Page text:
Louis and his brother, Henry, owned and operated a grocery store and semi-restaurant across the lake on Brelsford’s Point (now the site of the Henry Morrison Flagler Museum) in Palm Beach. They named it the Lake Worth Grocery Company. Eva and her three youngest children were often alone at home, as Louis would take the oldest with him to work. The Burkhardts were one of the last families to arrive before the railroad (Florida East Coast) reached West Palm Beach. The Royal Poinciana Hotel, begun 1 May 1893, had opened for guests on 11 February 1894. Mr. Flagler wanted his guests to see only the “pretty” sights, so he ordered all businesses to leave the island. Burkhardts’ grocery had to go. The building was loaded on a lighter (small barge) and taken across the lake to 207 Clematis Street, Lot 13, Block 2. Tt was the first lot sold for cash on the west shore. Louis and his brother bought the lot for $400. Later, Henry sold his half for $500.

In West Palm Beach, the store was known as The Pioneer Grocery, established 1 February 1893, the day West Palm Beach was created. The family occupied the first house on the west side of the lake in 1894, making them the first permanent residents. They were on the east side of South Dixie Highway between Evernia and Datura. All of Louis’ family helped out in the store.

Louis was an active citizen of West Palm Beach, serving on the Board of Aldermen from 1895 to 1897 and as Mayor in 1902. He was Judge of the First Municipal Court in West Palm Beach. He served as treasurer of Holy Trinity Church and treasurer of Harmonia Lodge #138, F.A.A.M., and was a charter member of Odd Fellows Lodge. Louis retired from business 1 October 1919. He and Eva moved to 215 Vallette Way, where they spent the rest of their lives. Eva died 24 December 1919; Louis died 21 March 1941. They are both buried in Woodlawn Cemetery, West Palm Beach.

Louis Hill Burkhardt, born 11 January 1884 at Camden, New Jersey, was a store owner. On 20 December 1914, he married Florence E.__, and their children were Louise, who never married, and Virginia, who married Richard Powers. Louis died 16 January 1942. Florence on 22 August 1980, and they are both buried in Woodlawn Cemetery.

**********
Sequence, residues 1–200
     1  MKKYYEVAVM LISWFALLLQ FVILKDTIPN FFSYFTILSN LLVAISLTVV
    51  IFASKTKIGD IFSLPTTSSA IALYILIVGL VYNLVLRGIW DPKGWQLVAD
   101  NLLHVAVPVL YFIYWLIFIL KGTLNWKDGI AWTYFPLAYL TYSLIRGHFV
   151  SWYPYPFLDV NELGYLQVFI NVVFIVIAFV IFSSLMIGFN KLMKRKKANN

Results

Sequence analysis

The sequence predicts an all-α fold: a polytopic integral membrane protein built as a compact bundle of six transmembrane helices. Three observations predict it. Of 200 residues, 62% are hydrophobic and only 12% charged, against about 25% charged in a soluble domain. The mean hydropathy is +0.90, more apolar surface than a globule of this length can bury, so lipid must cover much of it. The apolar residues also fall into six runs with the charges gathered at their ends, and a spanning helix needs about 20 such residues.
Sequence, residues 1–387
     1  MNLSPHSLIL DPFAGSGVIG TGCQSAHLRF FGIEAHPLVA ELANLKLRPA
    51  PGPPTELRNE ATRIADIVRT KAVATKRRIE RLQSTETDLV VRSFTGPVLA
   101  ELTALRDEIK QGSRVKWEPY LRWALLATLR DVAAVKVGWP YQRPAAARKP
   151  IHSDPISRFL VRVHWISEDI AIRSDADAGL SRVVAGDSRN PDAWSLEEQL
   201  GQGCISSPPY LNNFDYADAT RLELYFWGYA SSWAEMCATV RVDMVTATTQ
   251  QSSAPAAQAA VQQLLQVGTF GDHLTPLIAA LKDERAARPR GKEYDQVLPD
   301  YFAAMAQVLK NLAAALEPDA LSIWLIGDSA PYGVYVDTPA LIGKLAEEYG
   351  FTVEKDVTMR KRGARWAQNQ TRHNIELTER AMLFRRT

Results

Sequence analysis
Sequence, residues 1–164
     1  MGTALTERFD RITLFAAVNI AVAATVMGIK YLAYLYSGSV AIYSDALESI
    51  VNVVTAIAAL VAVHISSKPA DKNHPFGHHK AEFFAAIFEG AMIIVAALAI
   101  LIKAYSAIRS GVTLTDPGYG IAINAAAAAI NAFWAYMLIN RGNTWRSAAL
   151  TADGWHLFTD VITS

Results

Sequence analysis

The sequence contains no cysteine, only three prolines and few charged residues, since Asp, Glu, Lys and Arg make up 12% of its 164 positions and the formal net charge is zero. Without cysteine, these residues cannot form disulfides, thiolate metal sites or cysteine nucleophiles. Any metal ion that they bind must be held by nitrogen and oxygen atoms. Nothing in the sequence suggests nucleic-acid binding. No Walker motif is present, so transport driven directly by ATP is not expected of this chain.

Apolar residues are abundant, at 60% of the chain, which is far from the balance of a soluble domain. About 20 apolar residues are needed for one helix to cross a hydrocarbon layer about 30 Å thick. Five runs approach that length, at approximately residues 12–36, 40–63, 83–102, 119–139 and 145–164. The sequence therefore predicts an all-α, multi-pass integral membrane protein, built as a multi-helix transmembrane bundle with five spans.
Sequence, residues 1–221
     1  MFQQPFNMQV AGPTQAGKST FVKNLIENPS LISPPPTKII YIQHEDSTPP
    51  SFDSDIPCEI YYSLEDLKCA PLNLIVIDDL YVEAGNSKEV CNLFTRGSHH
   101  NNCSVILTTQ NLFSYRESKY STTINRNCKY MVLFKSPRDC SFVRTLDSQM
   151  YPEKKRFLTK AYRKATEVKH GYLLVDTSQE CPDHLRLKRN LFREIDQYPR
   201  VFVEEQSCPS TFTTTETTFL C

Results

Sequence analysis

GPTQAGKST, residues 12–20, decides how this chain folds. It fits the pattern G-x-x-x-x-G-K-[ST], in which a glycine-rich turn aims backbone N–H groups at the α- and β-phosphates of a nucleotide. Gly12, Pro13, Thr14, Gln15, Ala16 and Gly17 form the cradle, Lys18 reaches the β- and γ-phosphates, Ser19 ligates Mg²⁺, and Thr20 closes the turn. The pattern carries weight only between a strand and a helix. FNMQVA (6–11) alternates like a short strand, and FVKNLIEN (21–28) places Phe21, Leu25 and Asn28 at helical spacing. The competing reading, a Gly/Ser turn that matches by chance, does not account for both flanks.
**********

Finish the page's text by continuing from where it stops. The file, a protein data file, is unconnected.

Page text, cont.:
Maude Stuart Burkhardt, born 23 June 1885 at Camden, New Jersey, first married Carl Kettler, Jr., who owned and managed five theaters in West Palm Beach. They had one son, Ralph. Maude later married Herbert E. Seaman. She died 28 January 1956 and is buried in Woodlawn Cemetery.

Henry John Burkhardt, born 7 December 1889 at Camden, New Jersey, married Susan Cordelia on 2 October 1921. They had no children. Henry, an electrician, turned his father’s old grocery store property into Burkhardt’s Electric Shop and Construction Business. He retired in 1947 and in 1953, he and Sue were living at 1500 South Olive. He died 6 August 1976, Sue died 28 June 1977, and they are both buried in Woodlawn Cemetery.

Ralph George Burkhardt, born 22 November 1891, was also an electrician. He married Anna Auer on 27 May 1915, and their children were Vincent Louis, Ralph William and Ruth Louise, who married Robert C. Conklin. Ralph G. Burkhardt died 14 November 1958 and Anna died 19 August. 

David C. Burnett

 Very little information has been found about David C. Burnett. He arrived on the shores of Lake Worth between 1886 and 1893, and was a land owner on the west side of the lake.

In the winter of 1913-19 14, Burnett moved to the small settlement of Ritta (now Lake Harbor) on the south shore of Lake Okeechobee. His brother-in-law, Henry Braddock, persuaded him to move to Torry Island in the lake, where Burnett took up farming. Apparently he never married.

David C. Burnett was drowned in the 1928 hurricane.